Which one of these Meade series 4000 eyepieces would be best sutied for me to view planets in the greatest detail. The link cross country sent me said that user liked the 26mm. Yorkshireman said to go with a 6mm and cross country said that might be to much. What is everyones opinion between these eyepieces and what difference should I expect between them when actually viewing? Once again, THANK YOU SO MUCH FOR THE HELP!!!

http://www.meade.com/catalog/meade_4000/meade_series_4000_02.htm

Yorkshireman
2005-Sep-15, 03:13 PM
DanDorsh, what's your focal length? My answer was based on thinking your telescope had a 350mm focal length like the ETX-70 in this ad here (http://www.meade.com/catalog/etx/etx70.html). If that's right, you should be able to go up to even a 4mm Plossl without getting to diminishing returns from your 70mm objective lens. You'll get diminishing returns above about 140X mag - basically magnifying the blur.
crosscountry's scope has a longer focal length, so the same eyepiece in his scope will be delivering a lot higher magnification. (Apologies if I'm telling you what you already know here, by the way.)
You should be able to glimpse the Martian polar caps near the opposition in October. It will depend very much on the seeing conditions that night.
Uranus should be spottable, I don't know about Neptune.

crosscountry
2005-Sep-15, 03:16 PM
yep, Uranus, if you can find it should be visible. It's a green circle among points. Good luck finding it; it took me quite a while.

DanDorsh
2005-Sep-15, 04:12 PM
How much better quality are these Plossl eyepieces than the ones shipped stock with my telescope? I do have the specs yorkshireman specified so my choices are listed on this link:

http://www.meade.com/catalog/meade_4000/meade_series_4000_02.htm

You're pretty sure that if i buy the 6.4mm Super Plossl it will work well? The author on this site said his best results came from:

#140 - Meade Instruments Series 4000 2x Apochromatic Barlow Lens 1.25"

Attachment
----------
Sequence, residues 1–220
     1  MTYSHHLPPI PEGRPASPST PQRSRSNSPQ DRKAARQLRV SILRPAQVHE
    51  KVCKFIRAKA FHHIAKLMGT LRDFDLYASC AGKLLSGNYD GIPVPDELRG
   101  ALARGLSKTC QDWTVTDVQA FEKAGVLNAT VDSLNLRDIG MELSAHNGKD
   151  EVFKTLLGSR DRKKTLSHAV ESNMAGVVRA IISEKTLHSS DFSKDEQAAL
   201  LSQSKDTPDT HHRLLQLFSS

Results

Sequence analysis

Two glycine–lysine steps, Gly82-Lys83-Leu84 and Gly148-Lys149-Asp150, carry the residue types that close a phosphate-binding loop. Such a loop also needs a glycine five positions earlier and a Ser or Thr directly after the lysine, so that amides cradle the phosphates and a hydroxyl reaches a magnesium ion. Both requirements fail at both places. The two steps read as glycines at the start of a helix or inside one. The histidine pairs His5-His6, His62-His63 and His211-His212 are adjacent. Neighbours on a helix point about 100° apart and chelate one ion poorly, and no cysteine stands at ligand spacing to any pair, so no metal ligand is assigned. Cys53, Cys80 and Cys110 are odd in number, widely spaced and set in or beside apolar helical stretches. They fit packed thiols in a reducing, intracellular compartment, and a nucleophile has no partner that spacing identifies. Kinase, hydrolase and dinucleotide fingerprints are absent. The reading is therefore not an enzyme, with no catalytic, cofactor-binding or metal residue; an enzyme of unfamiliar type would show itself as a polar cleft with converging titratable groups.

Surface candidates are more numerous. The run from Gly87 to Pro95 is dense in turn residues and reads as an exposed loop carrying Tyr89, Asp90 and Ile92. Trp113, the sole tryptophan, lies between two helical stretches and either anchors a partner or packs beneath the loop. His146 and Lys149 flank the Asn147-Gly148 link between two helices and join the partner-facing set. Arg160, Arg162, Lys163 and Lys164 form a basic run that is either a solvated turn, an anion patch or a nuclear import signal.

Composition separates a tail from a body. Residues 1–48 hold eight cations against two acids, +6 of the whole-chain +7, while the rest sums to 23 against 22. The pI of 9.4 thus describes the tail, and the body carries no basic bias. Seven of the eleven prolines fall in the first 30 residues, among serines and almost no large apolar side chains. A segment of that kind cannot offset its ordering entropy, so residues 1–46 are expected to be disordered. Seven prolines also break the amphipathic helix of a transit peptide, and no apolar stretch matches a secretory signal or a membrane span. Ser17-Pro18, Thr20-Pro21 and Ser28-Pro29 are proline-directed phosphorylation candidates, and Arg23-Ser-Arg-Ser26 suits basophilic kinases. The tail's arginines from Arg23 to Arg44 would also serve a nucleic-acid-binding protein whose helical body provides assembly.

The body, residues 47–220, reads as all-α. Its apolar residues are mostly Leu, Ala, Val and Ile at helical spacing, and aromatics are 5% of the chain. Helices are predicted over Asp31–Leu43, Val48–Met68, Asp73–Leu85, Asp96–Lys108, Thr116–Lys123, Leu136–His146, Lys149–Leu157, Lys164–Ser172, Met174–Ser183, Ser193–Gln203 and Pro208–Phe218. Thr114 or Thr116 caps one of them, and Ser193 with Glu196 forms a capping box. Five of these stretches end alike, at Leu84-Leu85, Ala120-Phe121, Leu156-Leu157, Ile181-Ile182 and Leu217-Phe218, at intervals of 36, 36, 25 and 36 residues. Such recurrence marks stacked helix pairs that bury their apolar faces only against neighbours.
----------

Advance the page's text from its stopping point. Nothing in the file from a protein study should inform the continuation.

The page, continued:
and a
Meade series 4000 plossl eyepiece - 26mm 1.25"

http://www.weasner.com/etx/buyer-newuser-tips/etx70_acc.html

Do you think I should buy 6.4mm eyepeice and no barlow lens? Sorry if I am sounding repetative. I just don't want to waste money on accessories that will be blurry. Thanks.

crosscountry
2005-Sep-15, 04:18 PM
In my experience, the barlow was a waste of money. But we have different telescopes with different focal lengths.


Of course the barlow is relatively cheap (not the meade version).

They claim it doubles your eyepeices. that is a true claim.. the 26mm will look like a 13mm and so on.




Think about this, how much do you want to spend...? What are you trying to see? Put those two factors together and buy what fits.

DanDorsh
2005-Sep-15, 04:21 PM
I just want to see the cloud patterns on Jupiter and the rings of saturn as clearly as i can for this telescope. The money is not really an issue.

Maksutov
2005-Sep-15, 04:22 PM
Thanks for everyones help on this. So far we have seen Venus and Jupiter in the early evening, Mars later at night, and a little while back we saw Saturn. I will look into getting a Plossl eyepiece. I think maybe I was expecting to see much greater detail than is possible through this telescope or I wasn't in focus. Will I have a chance at seeing the polar ice caps on Mars or not? Do you think this telescope is capable of seeing Uranus and Neptune? Once again, thanks for helping us out. Astronomy has always been something I've wanted to learn and ever since I graduated from college, I have taken it up as a hobby. We still have much to learn.Uranus is a marginal unaided-eye object. Neptune can be seen in astronomy-grade binoculars. Therefore both planets will be readily visible through your 70mm scope. Pluto is out of reach for you, due to its faintness. You would need an objective of about 200mm minimum to have a chance at glimpsing it.

In general re Uranus and Neptune, the key to finding them is knowing where they are and the star patterns around them. There are many online astronomy sites that will provide you charts of the various star patterns with which those two planets may be found.

One of these sites is Heavens Above. (http://www.heavens-above.com/main.asp?Session=kebgcdepodgocmeifkejnffh)

Here is its chart re the current location of Uranus. (http://www.heavens-above.com/constellation.asp?Session=kebgcdepodgocmeifkejnffh&con=Aqr)

Here is where Neptune is at. (http://www.heavens-above.com/constellation.asp?Session=kebgcdepodgocmeifkejnffh&con=Cap)